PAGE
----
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How to know which scenes need and don't need music?

Assuming the director doesn't know, of course.


A film composer named Fred Karlin wrote a book including that topic, I believe:

In 1990 he wrote, with Rayburn Wright and John Williams, a textbook on film scoring called ''On the Track,'' which remains in print.

Relax in the safety of your own delusions.- J.R. Bob Dobbs


That may be a moot question. I am familiar with Bernstein's concert suite of his On The Waterfront. I finally saw the film and there were long sections where the music seemed way out of place. That may have not been Bernstein's fault. I doubt he was given final say in mixing levels or placement.


It's the composer's personal feeling. When the composer gets bored with a scene, or the scene feels dry emotionally and the composer feels the scene could use a little warm undercurrent, the composer wants to add music there. When a movie seems to be drowning in melodrama, the composer wants to withhold music, to simply let the dialogue and sound-effects speak for themselves, to make the scene feel more real.

Too little music and the movie is a documentary. Too much music and the movie drowns in melodrama. Just the right amount of music, strategically placed, is masterful, magical, perfectly accentuates just the right moments.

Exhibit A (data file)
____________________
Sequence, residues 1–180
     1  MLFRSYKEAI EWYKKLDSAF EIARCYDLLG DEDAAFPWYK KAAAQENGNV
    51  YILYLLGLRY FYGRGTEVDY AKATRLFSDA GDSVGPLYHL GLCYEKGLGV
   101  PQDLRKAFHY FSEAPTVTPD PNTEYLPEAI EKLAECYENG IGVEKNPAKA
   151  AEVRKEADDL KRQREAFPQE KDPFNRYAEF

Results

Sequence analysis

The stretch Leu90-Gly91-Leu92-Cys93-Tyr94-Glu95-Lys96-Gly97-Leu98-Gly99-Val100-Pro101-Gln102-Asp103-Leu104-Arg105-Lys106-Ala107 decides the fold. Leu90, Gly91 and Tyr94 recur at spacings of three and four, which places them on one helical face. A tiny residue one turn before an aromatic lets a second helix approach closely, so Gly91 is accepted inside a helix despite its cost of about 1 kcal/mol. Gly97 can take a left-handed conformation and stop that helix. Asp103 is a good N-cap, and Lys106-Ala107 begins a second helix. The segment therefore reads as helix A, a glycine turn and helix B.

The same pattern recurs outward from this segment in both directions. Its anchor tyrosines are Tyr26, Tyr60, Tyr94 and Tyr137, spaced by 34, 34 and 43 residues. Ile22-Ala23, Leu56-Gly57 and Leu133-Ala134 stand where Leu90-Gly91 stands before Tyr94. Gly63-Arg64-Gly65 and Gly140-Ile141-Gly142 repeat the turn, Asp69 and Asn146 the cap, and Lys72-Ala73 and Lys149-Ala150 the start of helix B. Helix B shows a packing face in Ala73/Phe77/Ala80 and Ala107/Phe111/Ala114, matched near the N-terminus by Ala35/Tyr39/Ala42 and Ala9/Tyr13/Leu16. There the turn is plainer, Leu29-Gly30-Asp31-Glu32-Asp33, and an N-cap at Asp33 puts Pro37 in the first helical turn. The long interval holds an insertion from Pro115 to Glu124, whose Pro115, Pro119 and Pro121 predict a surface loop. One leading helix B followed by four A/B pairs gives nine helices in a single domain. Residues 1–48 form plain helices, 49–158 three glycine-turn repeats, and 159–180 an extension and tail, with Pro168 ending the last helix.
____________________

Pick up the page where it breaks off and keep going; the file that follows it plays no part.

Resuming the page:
Thankfully, the director DOES know this, and helps the composer with it. Hopefully the director and the composer have a harmonious relationship, so their styles don't clash. Ultimately, the composer has to defer to the director, who is "the boss" in the creation of a movie.

John Williams wrote a whole bunch of music for the scenes of Han searching for Luke after Luke escapes from the Wampa's cave in the ice planet Hoth in The Empire Strikes Back that was not used in the film. Apparently Executive Producer George Lucas, who had final cut and was in charge of all aspects of the film's creation, felt the documentary approach, with just dialogue and sound-effects, worked better for this stretch of film, made Hoth feel like more of a frozen wasteland.

John Williams is one such composer who is a master at this process, called "spotting". Steven Spielberg commented on this about John's music in Jaws ("John didn't want music to be a red herring; he only wanted music to signal the actual arrival of the shark."), as did Midway's director, Jack Smight, where, in Midway, John's music had to take a back seat to the sound-effects of the Sensurround process. John has no ego about his music. He has an intelligence. As Jack Smight said, "He knows right where music should go.".